CONCORD, N.H. — A purported parental rights bill was defeated Thursday on a five-vote margin in the 400-member New Hampshire House of Representatives, prompting a sigh of relief among critics who had warned the bill would harm LGBTQ students.
The Republican-backed legislation would have required schools to disclose information about a child’s gender identity to their parents upon request, unless school personnel could show “clear and convincing evidence” that the child would likely be abused or neglected.
Opponents argued the measure would infringe on the privacy rights of an already vulnerable group of young people, so they celebrated when the House voted 195-190 to indefinitely postpone Senate Bill 272, which means the legislation is dead and won’t come back up for the remainder of this year and next.
Representative Gerri Cannon, a Democrat from Somersworth who is transgender, said the defeat is a joyous occasion for LGBTQ people in New Hampshire and those pushing back against anti-LGBTQ legislation nationwide.
“We’ve been heard in New Hampshire, and we’ve set the tone for other states,” she said. “We need to stand up for the children in our schools. They have rights. Just like all of us, they have the rights to be who they are, safely.
“If a parent wants to know what’s going on with their child from a gender or sexuality perspective, they need to ask their child,” she added.
Two Republican representatives — David Bickford of New Durham and Joseph Guthrie of Hampstead — bucked their party to join 193 Democrats in voting to defeat the bill.
Before debate began, House Speaker Sherman Packard, a Republican from Londonderry, told lawmakers to refrain from booing, yelling, or impugning each other’s motives. After the final vote, he released a statement criticizing his colleagues across the aisle.
“I am disheartened House Democrats chose institutions over NH parents today,” Packard said. “They chose secrets over parent-involved solutions. They chose to ignore the majority of NH parents who made it clear they were looking for legislative support to help protect their rights and their children.”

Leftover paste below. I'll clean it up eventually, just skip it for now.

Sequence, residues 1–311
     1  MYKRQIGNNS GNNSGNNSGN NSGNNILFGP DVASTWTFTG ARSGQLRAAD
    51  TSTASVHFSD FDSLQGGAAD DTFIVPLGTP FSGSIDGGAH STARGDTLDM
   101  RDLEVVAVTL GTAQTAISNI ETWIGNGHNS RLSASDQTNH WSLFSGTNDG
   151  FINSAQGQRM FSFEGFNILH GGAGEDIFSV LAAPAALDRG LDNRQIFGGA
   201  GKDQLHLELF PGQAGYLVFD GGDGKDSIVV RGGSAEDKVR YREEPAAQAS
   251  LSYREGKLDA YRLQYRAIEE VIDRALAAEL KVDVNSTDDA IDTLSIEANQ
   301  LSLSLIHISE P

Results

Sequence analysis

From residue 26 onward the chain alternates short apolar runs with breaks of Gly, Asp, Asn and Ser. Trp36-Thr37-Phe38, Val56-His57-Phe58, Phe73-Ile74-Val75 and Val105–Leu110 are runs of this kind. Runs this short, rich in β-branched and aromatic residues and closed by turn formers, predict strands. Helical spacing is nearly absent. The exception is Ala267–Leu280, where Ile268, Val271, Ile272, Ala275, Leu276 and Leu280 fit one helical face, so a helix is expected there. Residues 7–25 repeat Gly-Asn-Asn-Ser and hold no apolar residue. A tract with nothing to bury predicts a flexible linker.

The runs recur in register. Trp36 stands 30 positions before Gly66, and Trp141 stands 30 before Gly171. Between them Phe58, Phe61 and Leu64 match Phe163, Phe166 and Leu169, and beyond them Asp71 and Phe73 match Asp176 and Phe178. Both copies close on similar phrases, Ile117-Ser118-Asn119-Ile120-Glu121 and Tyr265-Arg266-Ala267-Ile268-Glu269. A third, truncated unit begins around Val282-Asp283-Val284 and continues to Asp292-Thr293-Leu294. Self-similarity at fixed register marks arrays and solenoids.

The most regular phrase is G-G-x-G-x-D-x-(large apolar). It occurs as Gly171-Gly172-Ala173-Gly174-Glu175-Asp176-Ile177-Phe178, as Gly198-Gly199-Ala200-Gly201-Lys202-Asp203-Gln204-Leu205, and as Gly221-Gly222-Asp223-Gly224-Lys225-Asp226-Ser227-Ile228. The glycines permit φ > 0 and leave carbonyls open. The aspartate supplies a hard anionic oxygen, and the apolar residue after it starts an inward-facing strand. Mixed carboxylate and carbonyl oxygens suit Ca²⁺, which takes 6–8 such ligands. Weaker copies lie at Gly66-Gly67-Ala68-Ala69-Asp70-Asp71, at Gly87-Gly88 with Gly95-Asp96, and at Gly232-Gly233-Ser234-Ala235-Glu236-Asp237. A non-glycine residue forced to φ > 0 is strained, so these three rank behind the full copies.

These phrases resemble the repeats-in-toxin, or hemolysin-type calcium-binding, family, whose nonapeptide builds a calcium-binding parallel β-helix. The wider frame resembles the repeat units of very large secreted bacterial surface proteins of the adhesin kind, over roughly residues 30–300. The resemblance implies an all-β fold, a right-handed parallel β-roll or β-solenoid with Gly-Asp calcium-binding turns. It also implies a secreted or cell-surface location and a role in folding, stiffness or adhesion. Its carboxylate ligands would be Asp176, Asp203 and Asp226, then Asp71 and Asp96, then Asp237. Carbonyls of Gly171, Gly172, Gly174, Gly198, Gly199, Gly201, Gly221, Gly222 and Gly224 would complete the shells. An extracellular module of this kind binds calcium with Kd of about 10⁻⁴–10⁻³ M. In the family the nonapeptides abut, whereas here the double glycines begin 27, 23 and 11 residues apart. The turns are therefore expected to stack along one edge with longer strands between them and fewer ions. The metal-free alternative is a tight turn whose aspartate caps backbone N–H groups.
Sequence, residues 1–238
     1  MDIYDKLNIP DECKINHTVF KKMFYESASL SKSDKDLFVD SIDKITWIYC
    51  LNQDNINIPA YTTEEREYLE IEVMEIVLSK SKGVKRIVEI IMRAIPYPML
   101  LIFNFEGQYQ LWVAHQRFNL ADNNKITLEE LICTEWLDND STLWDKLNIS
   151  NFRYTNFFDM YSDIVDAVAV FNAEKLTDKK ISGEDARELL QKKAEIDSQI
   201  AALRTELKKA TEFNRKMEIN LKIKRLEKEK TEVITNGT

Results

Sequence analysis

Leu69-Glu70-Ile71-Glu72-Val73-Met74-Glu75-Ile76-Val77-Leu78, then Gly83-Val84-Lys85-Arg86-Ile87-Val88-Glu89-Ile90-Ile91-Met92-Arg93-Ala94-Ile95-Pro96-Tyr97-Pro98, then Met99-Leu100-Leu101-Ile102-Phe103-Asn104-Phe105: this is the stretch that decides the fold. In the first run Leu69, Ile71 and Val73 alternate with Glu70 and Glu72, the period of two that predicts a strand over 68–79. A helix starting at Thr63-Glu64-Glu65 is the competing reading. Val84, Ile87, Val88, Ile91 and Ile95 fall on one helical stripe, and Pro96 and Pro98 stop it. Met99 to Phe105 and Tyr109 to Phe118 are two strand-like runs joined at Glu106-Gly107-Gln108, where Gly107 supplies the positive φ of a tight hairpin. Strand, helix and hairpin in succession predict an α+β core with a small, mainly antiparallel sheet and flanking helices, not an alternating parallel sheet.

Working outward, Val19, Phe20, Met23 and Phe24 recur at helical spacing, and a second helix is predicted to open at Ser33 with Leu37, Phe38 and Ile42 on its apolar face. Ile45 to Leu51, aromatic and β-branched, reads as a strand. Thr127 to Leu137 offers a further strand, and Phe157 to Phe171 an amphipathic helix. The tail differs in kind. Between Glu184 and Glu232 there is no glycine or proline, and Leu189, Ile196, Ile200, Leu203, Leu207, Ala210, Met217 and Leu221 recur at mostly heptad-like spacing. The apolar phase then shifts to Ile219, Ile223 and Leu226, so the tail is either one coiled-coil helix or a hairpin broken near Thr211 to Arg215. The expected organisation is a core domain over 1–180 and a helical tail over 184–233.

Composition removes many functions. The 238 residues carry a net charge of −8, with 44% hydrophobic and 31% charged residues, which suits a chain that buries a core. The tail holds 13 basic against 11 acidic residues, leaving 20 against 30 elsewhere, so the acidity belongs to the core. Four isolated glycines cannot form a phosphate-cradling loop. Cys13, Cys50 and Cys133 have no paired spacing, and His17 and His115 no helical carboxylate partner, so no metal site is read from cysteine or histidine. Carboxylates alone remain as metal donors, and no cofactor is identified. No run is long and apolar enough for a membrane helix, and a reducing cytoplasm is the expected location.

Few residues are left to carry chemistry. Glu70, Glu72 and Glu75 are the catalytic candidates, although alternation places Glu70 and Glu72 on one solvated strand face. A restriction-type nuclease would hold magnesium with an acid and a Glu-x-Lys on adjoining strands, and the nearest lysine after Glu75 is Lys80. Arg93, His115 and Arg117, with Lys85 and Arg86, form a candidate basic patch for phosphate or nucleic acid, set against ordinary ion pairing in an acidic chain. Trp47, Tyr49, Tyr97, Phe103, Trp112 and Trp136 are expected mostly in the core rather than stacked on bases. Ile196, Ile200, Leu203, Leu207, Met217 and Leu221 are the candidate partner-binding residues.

The most fiery remarks during Thursday’s debate came from House majority leader Jason Osborne, a Republican from Auburn, who raised his voice and drew murmuring then cheers from the chamber as he derided schools as “a mysterious and secretive black box.”
Osborne said the bill would be sending a message to parents that they have no choice but to avail themselves of the state’s education freedom accounts to transfer their kids to nonpublic schools.
Education Commissioner Frank Edelblut — who has previously run for governor — released a statement saying the New Hampshire Department of Education is “disappointed” with the vote to kill SB 272.
Governor Chris Sununu, a Republican, had expressed a favorable view of the bill, though he said he would have waited to review the final version before deciding whether to sign it.
Senate Republicans responded to the bill’s defeat with a vitriolic statement that bashed Democrats and called on Sununu to issue an executive order on parental rights.
“By denying parents the opportunity to exercise their inherent authority, Democrats have undermined the very fabric of our society, where the family unit and parental involvement play an essential role in the upbringing and development of our children,” the Senate Republicans said.
A spokesperson for Sununu did not immediately respond to questions about whether he would be open to pursuing a parental rights executive order.
Before the final vote on Thursday, lawmakers considered and adopted six amendments to the bill, including a major change that stripped the four most controversial provisions from the legislation.
“It has been a rough day for anyone who advocated for parental rights,” said Representative Brian Cole of Manchester. “I would have liked to see it pass, but we didn’t have the votes today to get it done.”
Cole said he’s amazed the House rejected such a popular bill.
“On the flip side,” he added, ”I understand that perhaps the state should not get involved in making a mandate for all school districts and that’s what we saw prevail today.”
Republicans hold an extremely narrow four-seat advantage in the chamber. Several absences and the two defections were enough to foil the party’s attempt to pass this bill, which is topically similar to a bill that failed a year ago after Sununu vowed to veto it.
With only nine declared absences, Thursday’s votes we relatively well attended — only once before in the past 20 years have so few absences been recorded, according to research by Citizens Count, a nonpartisan nonprofit.